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Purchasing a new computer

post #1 of 32
Thread Starter 
Hey, Ive had my decrepid pc since 1998 and its high time I purchased a laptop. I plan on doing this purchase withing the next six months and have a budget of $1500 give or take a few banjamins.

I think the brands Im interested in are: Apple (to leave windows mediocrity behind me), Toshiba, IBM, Gateway and (maybe) HP.


You think I should wait for the new windows O/S to come out (so that my pc isnt obsolete three months after purchase or go ahead now? or go with the Apple which are relatively overpriced and still such a niche product?
post #2 of 32
Embrace mediocrity.

The Thinkpad series has always been a good bet. I still plan to get a T43p or whatever they have at the point that my current Dell craps out, but it keeps chugging along.

I don't suggest getting a computer with a new OS (or upgrading to the OS itself on a computer you care about) until it's been out for at least 4-6 months. Give everyone else the chance to find all the bugs and deal with the viruses and random incompatibility at first. Meanwhile, XP Service Pack 2 with all the latest updates runs very solidly.
post #3 of 32
Can't comment on Apple, but I'll back J on Thinkpad T series. Until about an year or so ago, I wouldn't have a considered a machine from that wasn't T series laptop. They are pretty solid in terms of stabilty and build quality. If you're interested in widescreen, you might want to check out Z series as well, but I haven't seen one up-close, so I'll leave that up to you.

I was also quite impressed with the quality of HP/Compaq laptops as of recently. I bought a Compaq 4000T for my mom last year and it's a georgeous laptop.

Toshiba's ok. I usually stay away from Dells and Gateways.

One word of caution, don't get a desktop replacement type laptop. They're bulky and a pain to carry around. Also they run very hot, and will burn through your selvadge jeans.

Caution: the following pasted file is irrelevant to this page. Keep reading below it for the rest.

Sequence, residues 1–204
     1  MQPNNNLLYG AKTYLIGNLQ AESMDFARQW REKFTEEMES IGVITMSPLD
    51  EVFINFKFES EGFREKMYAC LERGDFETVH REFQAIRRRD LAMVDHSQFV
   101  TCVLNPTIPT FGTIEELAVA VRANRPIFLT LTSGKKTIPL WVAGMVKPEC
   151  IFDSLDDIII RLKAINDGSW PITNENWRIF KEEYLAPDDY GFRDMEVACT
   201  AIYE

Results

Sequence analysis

post #4 of 32
I have been a very satisfied Apple user for years. During that time, though, I have been forced to use PCs for reasons beyond my control. I am pleased with my current Macintosh (a roughly 2 year old PowerBook G4), but my recommendation to you is to buy an IBM with an extended warranty primarily because of the disparity in customer service at Apple and IBM. Apple makes a product that is great to look at and easy to run but an absolute nightmare to service. Their customer service by phone is staffed by people that are unhelpful (the stock response is to take it to a Genius Bar at an Apple store), and getting service at an Apple store is next-to-impossible because the stores are flooded by people with problematic iPods. I once had to wait for over two and a half hours to have my laptop charger replaced (the chargers for PowerBooks are poorly made and have a tendency to short out, by the way) because the Geniuses were busy unfreezing other customers' iPods. IBMs run great, are solidly built, and boast wonderful customer support. Go get one of those. ETA: IBM is in a completely different class than Dell and Gateway. Toshiba is okay, but they're bulkier than IBM's T-series and IBM's support is much better. Absolutely do not buy a Dell, Gateway, or HP.
post #5 of 32
I rock the IBM X-series. I'd highly recommend it. The build quality is the best.
post #6 of 32
Quote:
Originally Posted by Jodum5
I think the brands Im interested in are: Apple (to leave windows mediocrity behind me), Toshiba, IBM, Gateway and (maybe) HP.